The temperature has dropped to eight degrees and the ladies are getting chilly, but our hosts are prepared. Blankets appear and are gratefully adopted, stolestyle, by several shivering guests, including a few of the men, and as the light fades we’re guided to a large yellow Hobbit-style door that leads to an interior – marquee or permanent structure? It’s too dark to tell – like a fairy grotto, with glowing candelabra and twinkling lights in the ceiling, and the suggestion of a sort of leafy sinuosity all around. My table – one of 14 – has a centrepiece comprising a curved wooden strut supporting three fist-sized stones of different colour and texture. My interpretation of this puzzle is that the wood is a whisky cask stave and the three rocks represent the Roca brothers.
The menu is designed as a journey through the three lands of The Macallan: Galicia, where the Spanish oak is harvested for The Macallan’s casks; Jerez, where the casks are seasoned for two years with oloroso sherry; and Scotland, where the seasoned casks are filled with spirit and laid down to mature. It’s a complex series of dishes accompanied by sherry and whisky, an excellent tribute to the outstanding single malt whose new production facility we’re here to celebrate. At one point, brothers Josep, Joan and Jordi appear on the dais, to the delight of the diners, and there’s also a short recital by Scottish violinist Nicola Benedetti, before the party moves on to the main event.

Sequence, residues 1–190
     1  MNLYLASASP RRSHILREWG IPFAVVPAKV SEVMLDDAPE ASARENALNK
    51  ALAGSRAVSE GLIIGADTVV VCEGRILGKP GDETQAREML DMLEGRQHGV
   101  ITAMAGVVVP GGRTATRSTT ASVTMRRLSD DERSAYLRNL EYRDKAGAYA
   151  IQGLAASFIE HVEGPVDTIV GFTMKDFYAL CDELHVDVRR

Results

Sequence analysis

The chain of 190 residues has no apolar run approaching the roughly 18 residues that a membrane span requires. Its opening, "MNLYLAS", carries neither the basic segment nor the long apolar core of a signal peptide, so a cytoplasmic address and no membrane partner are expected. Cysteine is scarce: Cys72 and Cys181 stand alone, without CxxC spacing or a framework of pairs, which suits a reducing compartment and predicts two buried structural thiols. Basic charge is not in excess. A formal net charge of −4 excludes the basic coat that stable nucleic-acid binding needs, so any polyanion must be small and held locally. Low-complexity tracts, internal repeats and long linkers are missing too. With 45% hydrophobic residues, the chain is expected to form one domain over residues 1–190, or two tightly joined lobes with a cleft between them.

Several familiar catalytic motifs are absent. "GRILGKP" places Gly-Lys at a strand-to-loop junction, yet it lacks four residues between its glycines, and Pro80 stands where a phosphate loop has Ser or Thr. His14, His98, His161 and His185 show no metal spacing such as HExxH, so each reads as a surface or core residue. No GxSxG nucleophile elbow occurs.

By the time we’re led out of a side door to a gathering point overlooking Easter Elchies House it’s dark, and time for a history lesson in the form of a light show ingeniously projected on to two sides of the old manor. It’s a thrilling spectacle tracing the history of The Macallan: blaze and intrigue; clash and clamour; salmon and Spey; barley and cask; the curiously small stills; and a poem, Macallan Spoken-Song, by Scottish National Poet 2011-2016 Liz Lochhead.